- Security TWENTY
- Women in Security
The COVID-19 pandemic has left a majority of cyber security people over-worked and burnt out, according to the CIISec (Chartered Institute of Information Security) 2020/21 State of the Profession report. In the survey of 557 security people, 51 percent said the stress of the job and work challenges keep them up at night, while 80 per cent said staff across organisations have been more anxious or stressed during the pandemic. Long work hours are also in evidence, with almost half (47 percent) working 41-plus hours a week, and some working up to 90.
The report found:
53 percent say that budgets are rising but are still behind/slower than the level of threat.
69 percent believe that risks to data have increased from staff working at home.
65 percent agree that security reviews, audits and overseeing processes have been harder.
66 percent also agree that cancellation of educational events, such as training sessions, has contributed to the skills gap.
Amanda Finch, CEO of CIISec, said: “Lockdown has had a considerable impact on security professionals. The move to remote working has not only made processes harder to manage and data harder to secure, but has been accompanied by a huge rise in threats and attacks. Adding to this, the survey shows a lack of career opportunity was one of the top sources of stress. It’s clear the industry needs to do more to highlight the opportunities that are available, and what skillsets and knowledge security professionals need to move to the next level on their chosen career path. Without this, the industry will struggle to recruit and retain talent, only widening the skills gap.”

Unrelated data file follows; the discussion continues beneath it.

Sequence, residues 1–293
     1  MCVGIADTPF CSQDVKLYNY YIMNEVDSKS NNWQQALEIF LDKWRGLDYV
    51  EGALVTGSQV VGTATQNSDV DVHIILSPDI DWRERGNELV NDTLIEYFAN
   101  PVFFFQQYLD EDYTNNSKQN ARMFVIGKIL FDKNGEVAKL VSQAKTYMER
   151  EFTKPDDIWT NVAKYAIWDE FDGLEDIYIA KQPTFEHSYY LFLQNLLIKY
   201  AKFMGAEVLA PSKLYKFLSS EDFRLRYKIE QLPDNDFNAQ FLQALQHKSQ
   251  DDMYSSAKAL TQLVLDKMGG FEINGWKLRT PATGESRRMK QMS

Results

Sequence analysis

The pandemic did have some impact for the better on cyber security, such as through more awareness of cyber, and increased spending, respondents identified. The survey found that over 2020:
59 percent think the industry has got better at defending systems from attacks and protecting data.
62 percent believe that the industry is getting better at dealing with security incidents, data losses, outages, and breaches when they do occur.
54 percent agreed that staff have a better work-life balance and more flexibility due to home-work.
Amanda Finch said: “It is promising that security teams can see improvement in their industry. However, it’s clear there is still a long way to go to reduce burnout and ensure cyber security professionals are supported in their careers. To make a change, the industry needs to provide ongoing training and follow consistent standards for identifying, measuring and improving cyber security skills. Doing this will ultimately help to ensure that they are equipped with the right skills to progress and keep pace with the evolving threat landscape.”
A majority also agrees that (61 percent) people are the biggest challenge the industry faces, compared with 67 percent last year; people are evidently still seen as a higher risk than processes or technology, the Institute points out. In terms of the most important skills for people joining the industry to have, ‘analytical thinking/problem-solving’ was ranked top.
Diversity issues are still around: men make up 81 percent of the survey respondents, compared to women at 17 percent; this is an improvement over 2020’s 90 percent men / 10 percent women.
CIISec Live, the Institute’s online conference is running on Wednesday September 15, and Thursday September 16. Phil Venables, Global CISO, Google Cloud; and the author and commentator Bruce Schneier. Visit https://ciisec.live/en/.